“Fair enough, you are a generous man,” the lord smiled. “So be it. You may rest and dine for the day, but tomorrow I expect to be sized and for you to begin work on my new suit of armor.”

Himageki bowed low to the man and accepted his new charge, thanking him graciously.  He ate the finest food in the castle and was given a room in the lord’s own guest chambers.  The following morning he was up bright and early and waiting for the lord to rouse.

“I want to ensure that every drop of lacquer and every bit of cord fits perfectly my lord,” stated Himageki and he spent half the day measuring every inch of Togashi’s body.  Once the measuring was through he looked at all of his numbers and nodded his head. “If you will excuse me for the day, my lord, I must retire to my chambers and calculate these numbers.”

“You are not going to begin work today?” pouted the lord, having hoped to get the armor produced quickly to show it off.

“Forgive me, my lord, but it will take me the rest of the day and some of the night to figure out how much material I will need,” responded the man humbly and Lord Togashi took him at his word.

The next morning Himageki was again waiting at the lord’s door and he presented him with a slip of paper, it read, “Hyaku Kin.  Nijuu Sho.  Sanjuu Tan.

“What is this?” asked the lord.

“I will need one-hundred pieces of Gold to melt into lacquer,” answered the man proudly, with steady determination, “I will also need twenty bottles of ink, of varying colors, as well as thirty bolts of your finest silk to spin into thread.”

“Do you think me a fool?” asked the provincial lord. “You plan to run off with my money as soon as I give it to you!”

“Where could I run, my lord?” asked the man. “I am housed down the hall from you, inside your illustrious castle.”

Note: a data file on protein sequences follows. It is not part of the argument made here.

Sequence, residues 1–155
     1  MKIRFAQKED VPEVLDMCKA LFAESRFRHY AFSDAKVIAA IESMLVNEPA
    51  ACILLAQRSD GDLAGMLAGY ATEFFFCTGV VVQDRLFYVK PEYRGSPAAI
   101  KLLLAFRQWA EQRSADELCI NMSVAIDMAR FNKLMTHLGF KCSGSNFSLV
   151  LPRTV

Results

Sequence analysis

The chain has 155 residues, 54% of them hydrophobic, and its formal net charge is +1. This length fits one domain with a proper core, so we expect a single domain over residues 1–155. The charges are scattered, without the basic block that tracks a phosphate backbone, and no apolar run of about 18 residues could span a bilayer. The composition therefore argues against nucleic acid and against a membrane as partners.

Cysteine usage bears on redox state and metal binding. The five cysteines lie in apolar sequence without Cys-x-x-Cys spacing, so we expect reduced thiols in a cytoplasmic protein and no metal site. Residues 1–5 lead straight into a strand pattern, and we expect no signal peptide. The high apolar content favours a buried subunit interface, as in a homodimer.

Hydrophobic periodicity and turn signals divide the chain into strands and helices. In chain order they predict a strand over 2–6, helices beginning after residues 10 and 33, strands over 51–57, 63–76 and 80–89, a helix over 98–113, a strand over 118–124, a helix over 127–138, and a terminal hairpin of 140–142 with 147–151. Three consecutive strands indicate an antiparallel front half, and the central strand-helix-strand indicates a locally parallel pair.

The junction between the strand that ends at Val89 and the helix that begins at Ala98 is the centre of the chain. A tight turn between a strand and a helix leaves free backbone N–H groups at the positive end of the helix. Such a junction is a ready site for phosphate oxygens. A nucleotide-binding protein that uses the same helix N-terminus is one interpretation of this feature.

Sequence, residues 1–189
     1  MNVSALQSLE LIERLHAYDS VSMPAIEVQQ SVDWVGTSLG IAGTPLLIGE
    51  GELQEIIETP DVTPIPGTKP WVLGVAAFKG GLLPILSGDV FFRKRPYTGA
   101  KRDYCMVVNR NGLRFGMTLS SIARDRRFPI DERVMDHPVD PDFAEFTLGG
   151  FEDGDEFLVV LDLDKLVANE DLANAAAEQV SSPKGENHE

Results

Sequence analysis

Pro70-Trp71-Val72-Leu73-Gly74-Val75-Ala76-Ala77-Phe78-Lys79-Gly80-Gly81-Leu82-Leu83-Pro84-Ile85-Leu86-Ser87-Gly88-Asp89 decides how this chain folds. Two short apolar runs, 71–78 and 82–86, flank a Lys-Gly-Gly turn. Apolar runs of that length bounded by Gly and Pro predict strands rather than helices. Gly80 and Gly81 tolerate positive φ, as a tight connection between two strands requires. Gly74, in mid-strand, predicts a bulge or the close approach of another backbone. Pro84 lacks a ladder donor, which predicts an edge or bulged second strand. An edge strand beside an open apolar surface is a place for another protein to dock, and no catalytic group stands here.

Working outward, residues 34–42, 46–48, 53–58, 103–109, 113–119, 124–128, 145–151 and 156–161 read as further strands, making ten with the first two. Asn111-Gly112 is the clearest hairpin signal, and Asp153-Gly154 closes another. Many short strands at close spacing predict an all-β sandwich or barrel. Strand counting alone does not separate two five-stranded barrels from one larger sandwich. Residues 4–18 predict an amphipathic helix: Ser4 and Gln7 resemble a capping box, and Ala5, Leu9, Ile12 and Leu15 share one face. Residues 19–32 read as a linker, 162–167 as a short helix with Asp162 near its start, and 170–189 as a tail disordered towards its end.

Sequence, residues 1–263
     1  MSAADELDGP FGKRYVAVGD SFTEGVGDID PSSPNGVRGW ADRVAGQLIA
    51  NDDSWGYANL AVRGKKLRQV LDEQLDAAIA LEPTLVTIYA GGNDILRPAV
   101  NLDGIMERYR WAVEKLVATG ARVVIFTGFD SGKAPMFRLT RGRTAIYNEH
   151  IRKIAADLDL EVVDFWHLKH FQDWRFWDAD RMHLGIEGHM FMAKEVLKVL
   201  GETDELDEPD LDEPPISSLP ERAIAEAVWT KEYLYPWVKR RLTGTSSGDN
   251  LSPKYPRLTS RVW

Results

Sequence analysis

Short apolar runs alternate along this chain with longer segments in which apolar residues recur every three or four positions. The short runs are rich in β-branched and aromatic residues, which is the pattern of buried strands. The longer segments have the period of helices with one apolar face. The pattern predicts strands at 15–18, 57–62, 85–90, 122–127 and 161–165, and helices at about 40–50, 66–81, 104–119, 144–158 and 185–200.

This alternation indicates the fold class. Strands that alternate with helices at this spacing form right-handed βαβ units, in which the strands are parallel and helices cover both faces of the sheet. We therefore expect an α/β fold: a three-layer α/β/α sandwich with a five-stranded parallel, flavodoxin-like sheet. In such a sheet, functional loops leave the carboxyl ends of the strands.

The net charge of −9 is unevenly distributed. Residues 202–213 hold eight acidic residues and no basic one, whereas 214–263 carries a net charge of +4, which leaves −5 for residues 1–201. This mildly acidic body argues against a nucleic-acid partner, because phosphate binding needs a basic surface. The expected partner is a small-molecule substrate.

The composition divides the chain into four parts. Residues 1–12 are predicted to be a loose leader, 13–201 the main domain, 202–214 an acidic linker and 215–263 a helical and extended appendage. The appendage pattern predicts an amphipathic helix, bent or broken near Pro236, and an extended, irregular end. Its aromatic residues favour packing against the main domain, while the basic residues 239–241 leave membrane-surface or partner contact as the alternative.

He pointed to the paper again. “And how would a frail old man like me carry all that out of the castle without being seen?”

Togashi had no choice but to admit defeat in the matter.  It was impossible for the man to smuggle a small chest of gold coins, twenty bottles of ink, and enough fabric to outfit thirty people in full silken kimonos, “Very well, but do you really need gold?”

“Yes, my lord,” stated the man, “Silver would do, but gold is much stronger once it has been tempered with my technique.  If you want to be truly protected, I will need the gold.”

Togashi decided to go ahead. If nothing else, he could always melt the piece of junk back into coins later.  After he had the man executed for his failure, of course.  Togashi ordered his retainers to gather up the necessary materials and had them provided to Himageki.

“I will also need two, no…maybe three bottles of sacramental sake,” informed the man, “I will use them to bless the armor, to ensure that even Bishamonten-dono’s sword cannot strike you down.”

Intrigued by the thought, Togashi ordered a dozen bottles of sake to be provided to the man, all blessed by the clan’s personal priest.  Togashi waited impatiently, feeding Himageki and keeping him in his guest chambers for three days before finally calling on the man to present him the armor.

“But it is not ready, my lord,” answered the man, “I will need at least two more days to work on the shinguards and the wristguards.”

“I want you to show me what you have now, then,” ordered Togashi. “You can work on the rest later.”

“Very well, but I had hoped to surprise you with the finished result in its entirety,” pouted the smith. He went back into his chambers and made preparations.